Iran on Monday said it backed Syrian President Bashar al-Assad's decision to start implementing an Arab League plan to quell the violence in his country by finally letting in observers.
But Tehran suggested it was not entirely happy with the pressure Arab states had brought to bear on Damascus, with President Mahmoud Ahmadinejad saying their action towards Syria was "like a joke."
Iran's deputy foreign minister for Arab and African affairs, Hossein Amir Abdolahian, told the state Arabic language television network Al-Alam that "Iran's official stance regarding Syria and the Arab League plan is that whatever Bashar al-Assad deems as acceptable, we would approve of and accept."
He added that the Arab League plan "contains many of the points Iran was also looking at," even if not all concerns were addressed.
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Ahmadinejad, though, criticised Arab nations for the way they had been treating Syria, Iran's principal ally in the Middle East.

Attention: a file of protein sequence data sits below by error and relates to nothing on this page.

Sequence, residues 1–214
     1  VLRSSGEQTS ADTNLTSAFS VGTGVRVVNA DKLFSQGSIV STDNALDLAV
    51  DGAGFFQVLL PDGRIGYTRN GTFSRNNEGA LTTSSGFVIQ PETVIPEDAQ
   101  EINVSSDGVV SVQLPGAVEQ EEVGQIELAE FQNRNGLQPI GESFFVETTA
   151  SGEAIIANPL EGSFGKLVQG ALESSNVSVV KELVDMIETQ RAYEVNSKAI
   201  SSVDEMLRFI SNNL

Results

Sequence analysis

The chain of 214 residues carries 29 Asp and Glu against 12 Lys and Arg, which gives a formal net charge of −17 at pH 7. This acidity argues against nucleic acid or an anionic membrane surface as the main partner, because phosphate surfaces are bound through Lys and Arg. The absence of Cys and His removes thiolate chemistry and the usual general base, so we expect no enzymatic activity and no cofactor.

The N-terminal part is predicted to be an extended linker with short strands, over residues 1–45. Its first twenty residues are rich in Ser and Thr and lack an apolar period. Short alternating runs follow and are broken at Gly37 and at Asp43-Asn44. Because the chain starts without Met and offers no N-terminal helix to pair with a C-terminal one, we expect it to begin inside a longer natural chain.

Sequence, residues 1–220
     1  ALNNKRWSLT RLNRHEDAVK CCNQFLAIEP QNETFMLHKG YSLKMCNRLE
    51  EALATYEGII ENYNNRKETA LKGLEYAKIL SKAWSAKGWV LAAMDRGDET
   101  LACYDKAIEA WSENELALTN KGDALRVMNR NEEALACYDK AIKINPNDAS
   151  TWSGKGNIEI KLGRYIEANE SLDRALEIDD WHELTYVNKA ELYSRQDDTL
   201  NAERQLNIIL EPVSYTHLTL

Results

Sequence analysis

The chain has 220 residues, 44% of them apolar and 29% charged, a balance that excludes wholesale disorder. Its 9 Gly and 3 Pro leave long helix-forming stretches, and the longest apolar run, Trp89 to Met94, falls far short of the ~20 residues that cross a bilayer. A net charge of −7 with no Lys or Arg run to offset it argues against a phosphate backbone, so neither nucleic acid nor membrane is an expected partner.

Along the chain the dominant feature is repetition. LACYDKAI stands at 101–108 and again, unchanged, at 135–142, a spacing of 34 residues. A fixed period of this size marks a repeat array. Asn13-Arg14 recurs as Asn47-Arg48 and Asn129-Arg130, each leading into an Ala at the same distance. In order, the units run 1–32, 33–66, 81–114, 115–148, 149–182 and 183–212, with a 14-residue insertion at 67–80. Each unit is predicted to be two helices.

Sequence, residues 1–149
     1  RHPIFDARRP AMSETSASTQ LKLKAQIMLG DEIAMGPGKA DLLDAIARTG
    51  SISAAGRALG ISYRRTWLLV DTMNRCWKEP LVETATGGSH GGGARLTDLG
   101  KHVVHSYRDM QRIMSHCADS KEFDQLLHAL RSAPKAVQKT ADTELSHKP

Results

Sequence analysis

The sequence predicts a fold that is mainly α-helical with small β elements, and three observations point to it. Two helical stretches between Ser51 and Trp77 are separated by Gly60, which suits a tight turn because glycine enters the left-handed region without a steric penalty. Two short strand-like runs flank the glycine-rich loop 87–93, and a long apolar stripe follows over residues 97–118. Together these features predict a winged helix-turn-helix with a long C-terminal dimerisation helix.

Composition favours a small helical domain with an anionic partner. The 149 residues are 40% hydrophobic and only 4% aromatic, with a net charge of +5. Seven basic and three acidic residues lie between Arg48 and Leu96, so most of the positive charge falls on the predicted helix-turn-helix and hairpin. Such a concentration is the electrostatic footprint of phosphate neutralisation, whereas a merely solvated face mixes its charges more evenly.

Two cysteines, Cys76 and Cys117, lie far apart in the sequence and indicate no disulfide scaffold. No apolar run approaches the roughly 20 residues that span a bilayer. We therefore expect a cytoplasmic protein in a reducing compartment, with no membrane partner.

"Certain regional countries carry out acts which Iran considers to be more like a joke," the official IRNA news agency quoted Ahmadinejad as saying.
"Some regional countries, which have never held an election, have come together and pass resolutions against another country saying 'Why don't you hold an election'?" he said.
Syria on Monday signed an agreement to allow foreign observers in to monitor the implementation of the Arab League plan designed to halt nine months of bloodshed that started when security forces cracked down on pro-democracy protesters.
The plan calls for a complete halt to the violence, the release of those detained as a result of recent events and the complete withdrawal of the military from towns and residential districts.
Syria was suspended from Arab League meetings and subjected to a raft of sanctions when it initially refused to let in the observers.